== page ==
The Solvency II Wire Quarterly is a general update on the state of Solvency II implementation as reflected in the Solvency II Wire Regular Meeting Groups (RMGs) and other Solvency II Wire activity. The RMG brings together a wide range of practitioners to discuss Solvency II and related matters. The following is a summary of the key discussion topics addressed at the meeting.
In this issue
The Solvency II Wire Quarterly usually begins with an analysis of the latest Solvency II Barometer scores. However, given the extraordinary events of the final quarter of 2016 and the election of Donald Trump, I want to start this volume by stating openly and categorically that I personally, and Solvency II Wire as a publication, cannot accept the racism, misogyny and bigotry that Mr Trump touted throughout his campaign. There is a real risk that such attitudes become accepted when the tone is set at the top and run the danger of becoming normalised, a type of negative BAU.
Regardless of what you think of his politics, these messages of intolerance and aggression are not ok. And President Trump must be held accountable for them. The Women’s Marches held across the globe after the inauguration are a welcome start. Equally disturbing and dangerous is the Trump administration’s attack on the press. The strategy is deceptively simple: undermine all credible sources until there are none, creating a destabilised reality, where the president can operate unhindered by pesky “facts”. Its authoritarianism through the back door, a sort of perverse reverse-gold-plating of democratic principles. The rise of fake news, proliferated by corporate social media platforms that refuse to take responsibility for what they publish, has been promoted to an official status with the introduction of “alternative facts”. Together with the attempts to shut out the press these are the next escalations in the battle.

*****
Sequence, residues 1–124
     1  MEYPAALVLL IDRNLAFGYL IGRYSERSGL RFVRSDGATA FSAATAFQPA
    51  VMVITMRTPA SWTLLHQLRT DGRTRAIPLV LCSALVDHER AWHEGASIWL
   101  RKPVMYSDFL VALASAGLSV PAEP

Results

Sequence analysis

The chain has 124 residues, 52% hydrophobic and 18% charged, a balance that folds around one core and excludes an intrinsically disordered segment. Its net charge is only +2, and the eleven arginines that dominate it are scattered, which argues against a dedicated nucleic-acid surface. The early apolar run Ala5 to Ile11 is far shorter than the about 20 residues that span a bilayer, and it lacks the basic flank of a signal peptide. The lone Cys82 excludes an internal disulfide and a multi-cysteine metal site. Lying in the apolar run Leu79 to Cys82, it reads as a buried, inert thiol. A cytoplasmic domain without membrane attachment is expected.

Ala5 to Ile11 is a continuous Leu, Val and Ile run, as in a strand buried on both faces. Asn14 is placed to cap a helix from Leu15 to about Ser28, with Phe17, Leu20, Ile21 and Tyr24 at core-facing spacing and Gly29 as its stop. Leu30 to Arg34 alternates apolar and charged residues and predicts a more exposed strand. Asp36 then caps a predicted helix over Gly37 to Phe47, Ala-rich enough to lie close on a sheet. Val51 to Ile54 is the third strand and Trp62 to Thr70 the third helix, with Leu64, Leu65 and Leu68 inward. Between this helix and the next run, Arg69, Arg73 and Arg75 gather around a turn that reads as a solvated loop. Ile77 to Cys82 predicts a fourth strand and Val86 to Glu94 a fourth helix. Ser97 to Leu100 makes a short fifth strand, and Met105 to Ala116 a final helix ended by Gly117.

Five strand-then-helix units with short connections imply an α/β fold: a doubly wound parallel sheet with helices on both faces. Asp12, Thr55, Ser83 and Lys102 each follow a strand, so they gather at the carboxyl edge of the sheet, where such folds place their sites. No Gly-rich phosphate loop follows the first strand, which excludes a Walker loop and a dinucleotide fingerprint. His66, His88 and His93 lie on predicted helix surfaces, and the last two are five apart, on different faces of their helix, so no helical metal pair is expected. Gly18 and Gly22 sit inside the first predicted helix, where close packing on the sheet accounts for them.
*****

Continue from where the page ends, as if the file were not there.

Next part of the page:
The era of politics
The political changes in the US and Europe usher in an era of contradictions and uncertainty. The US is turning inwards, and all signals are that it will pursue a protectionist trade agenda, while a post-Brexit UK is pinning all its hopes on an open trade policy with the rest of the world. For Europe, it is as yet unclear if the continent will close ranks or fragment in response to these events. The changes also signal the end of the era of regulation, as we know it. If most of the decade following the financial crisis was a dominated by regulation – stitching back together a quarter of a century of deregulation – the tide is turning again. For firms plotting their path into the future, it is politics, rather than regulation, that will make the most difference. The big decisions are becoming less about tinkering with calibrations and capital charges, and much more about big bold economic, demographic and societal challenges.